100 mile journey

A number of years ago I heard the concept “100 mile diet” and was intrigued. A 100 mile diet means consuming foods produced or grown within 100 miles of your home. I live in an area with a rich agricultural history, and there is nothing I find more beautiful than a stretch of farmland be it cows or crops. In 2004, I tried being a grower and seller of vegetables. It’s really hard work, and I decided that supporting farmers’ markets was a better plan for me. Shopping at your local farmer’s market takes a flexible schedule that I didn’t have for the past 10 years. But now that my husband and I are empty nesters since our daughter went off to college, I can prioritize my time to my desires and have decided to incorporate the idea of the 100 mile diet into our life. We have 2 fantastic farmers’ markets within 30 minutes of our house; one on Saturday and one on Sunday which increases the odds I can make it to at least one.

In order to make this 100 mile diet a reachable and sustainable goal I set the mark at 50%. Meaning 50% of our diet needs to be grown or produced within 100 miles of our home. I believe there are two important ideas behind the 100 mile diet. One, any reduction of our carbon footprint is a good thing. By eating food grown or produced within 100 miles, less fuel is needed to bring that food to us. Second, we are expanding our knowledge of our area. For example, when we think of cranberries we think of Massachusetts. There are cranberry bogs on Cape Cod near my father in law’s home. But at a local grocer, I discovered cranberries grown in VT! I turned those cranberries into a yummy cranberry sauce which when combined with some delicious Greek yogurt produced in VT I met the 100 mile diet goal all week for breakfast.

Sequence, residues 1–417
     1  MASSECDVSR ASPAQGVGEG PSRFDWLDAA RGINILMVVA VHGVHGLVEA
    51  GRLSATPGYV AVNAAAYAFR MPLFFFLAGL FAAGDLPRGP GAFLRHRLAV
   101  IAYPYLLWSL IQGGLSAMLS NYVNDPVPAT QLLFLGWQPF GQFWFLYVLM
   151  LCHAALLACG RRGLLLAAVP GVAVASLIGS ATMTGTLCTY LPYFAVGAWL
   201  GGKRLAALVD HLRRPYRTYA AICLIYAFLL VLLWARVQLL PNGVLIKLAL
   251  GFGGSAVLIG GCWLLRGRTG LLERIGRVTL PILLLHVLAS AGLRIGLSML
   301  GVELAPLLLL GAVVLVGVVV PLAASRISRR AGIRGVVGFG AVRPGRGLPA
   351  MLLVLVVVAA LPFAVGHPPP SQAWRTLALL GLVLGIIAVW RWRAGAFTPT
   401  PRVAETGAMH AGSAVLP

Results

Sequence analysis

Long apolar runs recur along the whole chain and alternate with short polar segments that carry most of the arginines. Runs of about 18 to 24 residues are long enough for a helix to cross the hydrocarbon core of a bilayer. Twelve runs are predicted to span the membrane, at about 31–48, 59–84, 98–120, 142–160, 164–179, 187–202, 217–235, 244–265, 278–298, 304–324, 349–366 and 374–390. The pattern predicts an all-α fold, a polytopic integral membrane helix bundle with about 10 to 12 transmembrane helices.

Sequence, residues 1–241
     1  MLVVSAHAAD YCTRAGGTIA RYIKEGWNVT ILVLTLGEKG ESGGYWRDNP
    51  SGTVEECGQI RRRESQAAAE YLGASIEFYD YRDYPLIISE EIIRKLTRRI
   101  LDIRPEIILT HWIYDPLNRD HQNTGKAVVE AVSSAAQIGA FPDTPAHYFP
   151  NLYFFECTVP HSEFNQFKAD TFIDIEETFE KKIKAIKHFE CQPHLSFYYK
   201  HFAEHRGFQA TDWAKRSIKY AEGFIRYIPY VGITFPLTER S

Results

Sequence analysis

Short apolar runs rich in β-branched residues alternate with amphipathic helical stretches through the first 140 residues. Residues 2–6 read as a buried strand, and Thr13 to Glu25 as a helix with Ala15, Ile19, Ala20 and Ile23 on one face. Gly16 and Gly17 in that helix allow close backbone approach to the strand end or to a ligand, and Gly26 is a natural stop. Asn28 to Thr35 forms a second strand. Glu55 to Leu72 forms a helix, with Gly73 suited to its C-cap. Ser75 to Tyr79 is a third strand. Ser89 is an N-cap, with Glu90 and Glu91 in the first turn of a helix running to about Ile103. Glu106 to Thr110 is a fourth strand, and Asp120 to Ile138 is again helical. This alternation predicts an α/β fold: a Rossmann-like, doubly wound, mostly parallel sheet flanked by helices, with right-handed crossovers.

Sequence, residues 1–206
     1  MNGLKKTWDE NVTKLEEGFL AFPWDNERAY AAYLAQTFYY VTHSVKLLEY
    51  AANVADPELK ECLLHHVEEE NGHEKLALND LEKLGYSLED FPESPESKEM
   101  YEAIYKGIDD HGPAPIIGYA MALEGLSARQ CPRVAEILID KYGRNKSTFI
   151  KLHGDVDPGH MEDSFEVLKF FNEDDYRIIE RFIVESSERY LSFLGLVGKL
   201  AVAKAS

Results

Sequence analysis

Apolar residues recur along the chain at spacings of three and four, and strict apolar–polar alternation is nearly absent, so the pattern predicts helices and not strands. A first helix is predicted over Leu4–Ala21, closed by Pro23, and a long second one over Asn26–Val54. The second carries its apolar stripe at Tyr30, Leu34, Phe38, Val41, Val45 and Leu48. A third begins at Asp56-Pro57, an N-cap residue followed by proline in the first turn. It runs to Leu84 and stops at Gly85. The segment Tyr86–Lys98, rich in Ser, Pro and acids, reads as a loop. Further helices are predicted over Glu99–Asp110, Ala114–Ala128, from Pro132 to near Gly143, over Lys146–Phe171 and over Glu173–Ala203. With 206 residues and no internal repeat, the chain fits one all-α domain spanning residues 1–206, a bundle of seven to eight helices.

cranberryCranberry sauce made with cranberries from Vermont Cranberry Company and Asian pears from Champlain Orchards in Vermont purchased at Four Seasons Natural Food store in Saratoga Springs NY.  I threw in some dried cherries, but I don’t know where they were grown or produced. The dish reaches my goal of 50% +.

I’ve noticed that people’s immediate response to a new idea is why/how that idea won’t work for them. I try and do the opposite. “That’s an interesting idea. How can I incorporate it successfully into my life?” This is why I set our goal at 50% for this diet. I want it to be sustainable. I don’t want to give up avocados, which I don’t believe can be grown within 100 miles of my home in Upstate NY. I can however, make an intentional effort to have the bulk of our diet come from locally grown and produced products. Eating mindfully means eating with intention. And my intention is to reduce our carbon footprint and support locally made products. So far the journey has been fun, educational, and tasty! I’ll keep you updated on our journey. We can learn together about all the great culinary options produced or grown locally.

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